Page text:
Hilary Estey McLoughlin

Hilary Estey McLoughlin, who oversees 1,200 employees and nine shows currently on the air as president of Warner Bros.' Telepictures Productions, stands behind her work in her Burbank office. (Genaro Molina / Los Angeles Times / March 2, 2010)

The gig: As president of Warner Bros.' Telepictures Productions, Hilary Estey McLoughlin, 47, oversees one of the biggest syndication companies in television. Telepictures has more than 1,200 employees and nine shows on the air, including "The Ellen DeGeneres Show," George Lopez's late-night talk show "Lopez Tonight" and "Extra." It also owns Harvey Levin's tabloid empire, TMZ.

A seed is planted: Estey McLoughlin grew up in Queens, New York, obsessed with television. "The thing about Queens is, everyone's TV is on all the time. The whole town is lit up by TVs," she said. During the school year she'd race home at lunch to watch game shows, and after school she'd spend afternoons with Mike Douglas, to the chagrin of her teacher mother. "She was always trying to lure me away from the television, she didn't like it."

Early rejection: Estey McLoughlin had the same dream of every Queens kid: to be a ball girl at the U.S. Open tennis tournament in the Forest Hills neighborhood (since moved to Flushing Meadows). "It seemed like the most amazing thing you could do was be on a court with Bjorn Borg." Alas, she was too slow. "The people who were trying out were like superhuman. I didn't have a chance."

First job: After graduating from Boston University's School of Public Communications ("I realized you could make a career out of television," she laughs), in 1984 Estey McLoughlin went back to New York as a researcher at Seltel, a consulting firm that advised television stations on what programming to buy.

Big move: In 1986, Estey McLoughlin quit Seltel and packed up for Los Angeles without a job, an apartment or any connections. She crashed at a friend's place and sent research presentations to all the major studios and syndication companies deconstructing their television shows, hoping to land an interview. "I ended up at [Warner Bros. research chief] Bruce K. Rosenblum's doorstep. . . . He hired me as a temp."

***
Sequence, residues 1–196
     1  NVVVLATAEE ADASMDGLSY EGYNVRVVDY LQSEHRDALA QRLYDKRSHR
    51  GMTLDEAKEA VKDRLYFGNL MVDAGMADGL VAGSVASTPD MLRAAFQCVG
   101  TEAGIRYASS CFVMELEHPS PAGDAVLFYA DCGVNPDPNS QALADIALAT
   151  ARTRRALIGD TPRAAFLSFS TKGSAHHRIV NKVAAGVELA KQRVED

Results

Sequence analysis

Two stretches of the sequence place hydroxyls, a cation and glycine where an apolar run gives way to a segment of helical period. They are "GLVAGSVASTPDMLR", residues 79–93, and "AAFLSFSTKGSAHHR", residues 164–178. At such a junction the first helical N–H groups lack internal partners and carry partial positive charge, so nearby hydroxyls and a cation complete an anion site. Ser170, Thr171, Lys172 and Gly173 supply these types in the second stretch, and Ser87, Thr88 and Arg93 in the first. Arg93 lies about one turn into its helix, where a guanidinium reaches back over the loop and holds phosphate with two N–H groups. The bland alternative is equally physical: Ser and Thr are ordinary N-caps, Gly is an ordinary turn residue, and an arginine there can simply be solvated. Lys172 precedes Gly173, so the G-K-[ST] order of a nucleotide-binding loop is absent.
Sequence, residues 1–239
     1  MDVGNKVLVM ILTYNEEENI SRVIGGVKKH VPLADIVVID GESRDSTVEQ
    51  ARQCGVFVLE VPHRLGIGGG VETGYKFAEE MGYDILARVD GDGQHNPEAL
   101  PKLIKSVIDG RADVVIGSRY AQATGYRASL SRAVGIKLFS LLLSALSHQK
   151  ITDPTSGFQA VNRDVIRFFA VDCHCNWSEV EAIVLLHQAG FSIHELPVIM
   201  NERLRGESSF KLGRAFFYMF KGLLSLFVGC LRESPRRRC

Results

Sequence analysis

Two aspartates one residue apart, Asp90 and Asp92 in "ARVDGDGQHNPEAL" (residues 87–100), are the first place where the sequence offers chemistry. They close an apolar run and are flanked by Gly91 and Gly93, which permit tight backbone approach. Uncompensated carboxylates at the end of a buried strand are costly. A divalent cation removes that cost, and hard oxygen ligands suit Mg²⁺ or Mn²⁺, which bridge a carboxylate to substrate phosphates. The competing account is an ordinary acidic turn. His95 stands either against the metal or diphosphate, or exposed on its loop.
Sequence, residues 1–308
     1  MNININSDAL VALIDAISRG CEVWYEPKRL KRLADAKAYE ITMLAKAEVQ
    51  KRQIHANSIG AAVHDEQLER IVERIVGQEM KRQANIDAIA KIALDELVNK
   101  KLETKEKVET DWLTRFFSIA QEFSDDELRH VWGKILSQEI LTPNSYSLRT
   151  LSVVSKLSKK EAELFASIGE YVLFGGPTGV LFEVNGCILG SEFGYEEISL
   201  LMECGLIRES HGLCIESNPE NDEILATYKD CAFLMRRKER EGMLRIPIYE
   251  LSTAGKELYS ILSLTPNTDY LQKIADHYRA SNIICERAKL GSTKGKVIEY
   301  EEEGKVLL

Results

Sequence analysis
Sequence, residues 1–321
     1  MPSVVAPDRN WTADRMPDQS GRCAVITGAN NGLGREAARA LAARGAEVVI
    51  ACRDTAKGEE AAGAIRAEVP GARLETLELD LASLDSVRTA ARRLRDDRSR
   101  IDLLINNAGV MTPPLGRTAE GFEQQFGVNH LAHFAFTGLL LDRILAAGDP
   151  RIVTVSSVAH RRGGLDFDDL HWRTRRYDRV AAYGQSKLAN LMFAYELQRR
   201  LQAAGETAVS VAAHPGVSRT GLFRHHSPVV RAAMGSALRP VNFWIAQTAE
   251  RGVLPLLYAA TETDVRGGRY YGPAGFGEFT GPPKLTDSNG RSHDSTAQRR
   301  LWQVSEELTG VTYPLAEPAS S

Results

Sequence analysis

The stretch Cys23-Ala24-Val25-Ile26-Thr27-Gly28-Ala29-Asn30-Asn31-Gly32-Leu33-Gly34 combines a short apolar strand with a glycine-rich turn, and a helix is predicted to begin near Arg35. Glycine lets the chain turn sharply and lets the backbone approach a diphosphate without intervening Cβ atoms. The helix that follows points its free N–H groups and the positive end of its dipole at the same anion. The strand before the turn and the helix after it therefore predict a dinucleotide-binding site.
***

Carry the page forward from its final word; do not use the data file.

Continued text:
A shot at the big time: A facile number-cruncher, Estey McLoughlin by 1989 wanted to see how the sausage got made. She begged Jim Paratore, then president of Telepictures, for a job in development. Paratore thought she was too much of a research geek to make the transition to dealing with temperamental producers and agents and creating programming.

"He told me I was too introverted to be in development. He assumed there would be a lot of producers that would be aggressive and roll over me. I told him I had been riding a subway by myself in New York since I was 7."

Putting her mouth where the money is: In 1996, turmoil behind the scenes of Rosie O'Donnell's talk show gave Estey McLoughlin the opening to leave her cushy desk gig and become executive producer of the show, even though she had no experience. "I just kind of dove in. . . . I had to learn the nuts and bolts."

Estey McLoughlin guided O'Donnell's ratings rise, and running the show "gave me a lot of credibility. . . . Sometimes it's hard to manage creative people if you haven't done it, so that became a badge of honor."

Finding balance. The O'Donnell show took a toll on Estey McLoughlin's family, particularly her young daughter. "I got [to work] a little before 7 a.m. and got home between 7 p.m. and 8 p.m. My daughter used to hit me when I got home. It was a very hard job for a mom," she said.

After about a year and a half running the show, Estey McLoughlin returned to executive life, and in 2006 she became president of Telepictures, succeeding Paratore, who moved on to full-time producing.

Fun with TMZ: Estey McLoughlin has oversight of both the TMZ TV show and website. That can make for awkward moments, such as when Charlie Sheen -- whose CBS hit "Two and a Half Men" is made by Warner Bros. TV -- gets in hot water and finds himself in TMZ's camera sights.

"We don't tell them what to say. We made that as kind of our basic promise," she said of TMZ's editorial freedom. "We make an exception for one and it [becomes] a slippery slope."

A lot of celebrities like the attention, she said. "You don't go to the Ivy unless you want someone to take your picture."

Challenges ahead: It was a mixed year for Telepictures. Tyra Banks is ending her show, and efforts to launch a morning chat program called "Mom Logic" fell short as local television stations reined in programming expenditures. "There was no cash in the market and this was an expensive show," Estey McLoughlin said.

On the plus side, with Oprah Winfrey's approaching departure from daytime TV in fall 2011, DeGeneres has emerged as the heir apparent for her audience and advertisers. Telepictures also successfully launched the Lopez cable show.

Personal: Estey McLoughlin lives in Brentwood with her husband and daughter. She's still working on her tennis game.

joe.flint@latimes.com